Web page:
The outbreak of deadly bacterial infections linked to contaminated medical scopes was worse than initially reported and due to numerous oversights and reporting failures by scope manufacturers, regulators and hospitals, according to a new U.S. Senate report.
The report revealed the outbreak was wider-spread than initially reported. Investigators determined there were a total of 25 outbreaks affecting 250 patients. They also determined that oversight gaps at the federal level continued to put patient safety at risk. Additionally, 17 months passed between hospitals in Seattle and Illinois detecting the scopes' risk of spreading antibiotic-resistant bacteria and the FDA's first warning to the public.
"Unfortunately this investigation makes clear that current policies for monitoring medical device safety put patients at risk, and in this case, allowed tragedies to occur that could have, and should have, been prevented," Sen. Patty Murray (D-Wash.), who led the probe, told the Los Angeles Times.
The report also faulted the "passive" system the Food and Drug Administration (FDA) relies on to monitor patient safety problems; because the FDA must wait for providers to report safety issues, the agency could not identify the problem until it was brought to them. "Until a system is implemented that allows FDA to independently monitor, track, and assess the performance of devices, the agency will not be able to adequately identify risks to patient safety from particular devices like duodenoscopes and move quickly to address those risks," the report states.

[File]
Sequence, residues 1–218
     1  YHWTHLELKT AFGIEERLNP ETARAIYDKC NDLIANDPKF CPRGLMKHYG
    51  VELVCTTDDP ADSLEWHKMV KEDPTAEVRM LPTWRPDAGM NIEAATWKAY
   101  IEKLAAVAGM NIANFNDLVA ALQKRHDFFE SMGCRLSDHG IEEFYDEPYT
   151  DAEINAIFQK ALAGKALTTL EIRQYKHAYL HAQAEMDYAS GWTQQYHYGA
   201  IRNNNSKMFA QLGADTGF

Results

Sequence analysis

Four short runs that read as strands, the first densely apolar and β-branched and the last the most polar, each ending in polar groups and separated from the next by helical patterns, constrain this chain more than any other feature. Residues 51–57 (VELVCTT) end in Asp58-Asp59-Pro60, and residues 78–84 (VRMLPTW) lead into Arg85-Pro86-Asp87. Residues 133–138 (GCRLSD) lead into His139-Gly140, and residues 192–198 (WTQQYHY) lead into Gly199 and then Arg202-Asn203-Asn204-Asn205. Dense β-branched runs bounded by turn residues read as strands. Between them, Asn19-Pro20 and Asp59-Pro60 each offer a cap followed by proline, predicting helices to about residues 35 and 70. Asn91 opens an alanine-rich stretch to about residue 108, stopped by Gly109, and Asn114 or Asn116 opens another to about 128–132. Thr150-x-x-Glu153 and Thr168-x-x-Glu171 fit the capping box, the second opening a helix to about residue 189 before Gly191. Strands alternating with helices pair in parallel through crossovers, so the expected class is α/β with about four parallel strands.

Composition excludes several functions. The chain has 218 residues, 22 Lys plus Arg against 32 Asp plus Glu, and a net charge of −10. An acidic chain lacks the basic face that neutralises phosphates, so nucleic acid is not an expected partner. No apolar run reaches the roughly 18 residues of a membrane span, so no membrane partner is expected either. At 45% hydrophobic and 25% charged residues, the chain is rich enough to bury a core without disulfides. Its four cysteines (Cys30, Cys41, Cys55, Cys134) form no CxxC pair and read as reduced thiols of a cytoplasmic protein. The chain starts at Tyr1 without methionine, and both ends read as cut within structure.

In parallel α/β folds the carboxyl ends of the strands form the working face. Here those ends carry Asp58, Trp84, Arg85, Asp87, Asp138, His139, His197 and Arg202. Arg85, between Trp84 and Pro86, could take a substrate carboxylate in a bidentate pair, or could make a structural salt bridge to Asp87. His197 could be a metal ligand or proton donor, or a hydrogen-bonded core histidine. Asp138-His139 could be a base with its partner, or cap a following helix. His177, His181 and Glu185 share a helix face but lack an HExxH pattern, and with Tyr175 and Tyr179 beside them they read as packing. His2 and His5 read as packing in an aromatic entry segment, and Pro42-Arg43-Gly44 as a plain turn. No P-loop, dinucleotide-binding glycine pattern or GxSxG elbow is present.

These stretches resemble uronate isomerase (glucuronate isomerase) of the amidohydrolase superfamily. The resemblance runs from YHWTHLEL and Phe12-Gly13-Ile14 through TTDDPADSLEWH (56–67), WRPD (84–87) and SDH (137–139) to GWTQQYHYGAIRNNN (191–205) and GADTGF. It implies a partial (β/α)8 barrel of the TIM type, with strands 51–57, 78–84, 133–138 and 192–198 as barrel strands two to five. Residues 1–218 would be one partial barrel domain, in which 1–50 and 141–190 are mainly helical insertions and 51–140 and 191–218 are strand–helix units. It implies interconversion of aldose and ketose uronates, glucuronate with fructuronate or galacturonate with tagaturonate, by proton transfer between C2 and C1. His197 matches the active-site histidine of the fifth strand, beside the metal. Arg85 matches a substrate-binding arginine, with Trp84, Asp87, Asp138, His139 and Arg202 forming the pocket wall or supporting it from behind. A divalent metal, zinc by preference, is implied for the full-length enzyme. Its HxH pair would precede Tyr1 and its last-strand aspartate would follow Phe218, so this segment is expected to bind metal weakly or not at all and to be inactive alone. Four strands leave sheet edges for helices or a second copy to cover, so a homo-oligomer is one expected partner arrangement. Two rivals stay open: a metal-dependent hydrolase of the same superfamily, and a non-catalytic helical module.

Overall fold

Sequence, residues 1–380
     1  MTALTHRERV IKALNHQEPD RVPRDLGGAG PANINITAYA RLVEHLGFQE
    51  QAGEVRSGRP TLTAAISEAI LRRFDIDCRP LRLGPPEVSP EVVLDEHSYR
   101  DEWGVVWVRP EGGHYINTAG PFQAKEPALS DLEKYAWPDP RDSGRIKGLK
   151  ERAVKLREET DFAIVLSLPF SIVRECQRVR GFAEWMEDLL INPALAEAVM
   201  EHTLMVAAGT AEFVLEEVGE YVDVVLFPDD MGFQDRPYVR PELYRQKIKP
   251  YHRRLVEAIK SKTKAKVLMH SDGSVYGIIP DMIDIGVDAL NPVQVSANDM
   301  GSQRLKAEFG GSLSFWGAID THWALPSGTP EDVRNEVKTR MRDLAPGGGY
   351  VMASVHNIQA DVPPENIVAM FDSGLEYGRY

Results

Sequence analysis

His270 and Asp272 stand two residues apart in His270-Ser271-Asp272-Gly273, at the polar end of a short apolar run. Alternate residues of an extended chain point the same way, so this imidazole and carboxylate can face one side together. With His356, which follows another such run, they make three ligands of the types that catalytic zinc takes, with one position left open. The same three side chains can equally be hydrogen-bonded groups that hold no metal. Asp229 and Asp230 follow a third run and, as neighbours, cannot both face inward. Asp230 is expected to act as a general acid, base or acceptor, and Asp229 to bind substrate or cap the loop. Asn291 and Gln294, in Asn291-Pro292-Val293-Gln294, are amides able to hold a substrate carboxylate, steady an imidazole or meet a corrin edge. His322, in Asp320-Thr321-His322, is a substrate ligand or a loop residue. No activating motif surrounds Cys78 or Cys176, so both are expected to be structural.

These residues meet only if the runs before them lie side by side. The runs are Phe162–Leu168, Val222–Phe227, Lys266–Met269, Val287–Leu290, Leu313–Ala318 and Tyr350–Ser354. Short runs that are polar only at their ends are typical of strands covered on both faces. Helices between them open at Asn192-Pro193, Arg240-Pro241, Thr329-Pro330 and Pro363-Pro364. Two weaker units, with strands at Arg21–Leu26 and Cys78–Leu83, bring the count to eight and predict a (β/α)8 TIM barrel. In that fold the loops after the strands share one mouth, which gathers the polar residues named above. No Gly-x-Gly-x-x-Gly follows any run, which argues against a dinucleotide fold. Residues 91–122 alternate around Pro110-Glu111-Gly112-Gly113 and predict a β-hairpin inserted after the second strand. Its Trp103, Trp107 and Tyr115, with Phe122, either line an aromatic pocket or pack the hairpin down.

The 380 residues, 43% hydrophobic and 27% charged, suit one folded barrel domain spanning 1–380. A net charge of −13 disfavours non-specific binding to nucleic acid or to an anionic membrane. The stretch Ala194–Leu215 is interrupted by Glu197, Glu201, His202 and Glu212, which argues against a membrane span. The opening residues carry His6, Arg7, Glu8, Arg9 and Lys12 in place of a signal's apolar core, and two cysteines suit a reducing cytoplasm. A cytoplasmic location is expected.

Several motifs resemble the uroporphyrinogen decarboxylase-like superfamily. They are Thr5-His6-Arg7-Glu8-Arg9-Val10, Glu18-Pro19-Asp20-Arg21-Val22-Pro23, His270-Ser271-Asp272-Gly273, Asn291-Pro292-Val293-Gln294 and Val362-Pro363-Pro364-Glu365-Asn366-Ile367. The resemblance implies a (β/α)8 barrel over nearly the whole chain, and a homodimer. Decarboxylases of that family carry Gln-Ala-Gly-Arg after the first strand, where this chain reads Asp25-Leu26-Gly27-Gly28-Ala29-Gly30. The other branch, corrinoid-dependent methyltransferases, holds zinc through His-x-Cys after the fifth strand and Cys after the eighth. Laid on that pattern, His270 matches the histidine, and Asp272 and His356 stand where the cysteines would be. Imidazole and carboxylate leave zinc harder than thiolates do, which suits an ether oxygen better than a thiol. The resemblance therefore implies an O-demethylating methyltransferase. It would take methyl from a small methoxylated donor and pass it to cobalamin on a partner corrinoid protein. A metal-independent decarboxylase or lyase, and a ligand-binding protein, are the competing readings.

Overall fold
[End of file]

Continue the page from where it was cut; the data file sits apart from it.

Numerous affected hospitals, meanwhile, didn't follow proper reporting procedures; of the hospitals that discovered scope-linked superbug infections, 16 did nothing to notify manufacturers or the FDA, letting them know later than required, if at all, and often failing to notify affected patients. Last March, soon after the news of the contaminated scopes broke, FDA officials also faulted the manufacturers' testing process for recommended cleaning procedures. The federal agency, meanwhile, faced widespread criticism for its perceived slowness in issuing a warning about the risk, acting only after the infections killed two patients at UCLA's Ronald Reagan Medical Center, FierceHealthcare previously reported.
A spokesman for Olympus Corp., a manufacturer of the scopes, said in a statement to the press the company would "closely review" the report's recommendations, which include a staggered recall of devices that pose a threat, according to Bloomberg; similarly, FDA Spokeswoman Deborah Kotz told Bloomberg the agency is already working to implement many of the recommendations.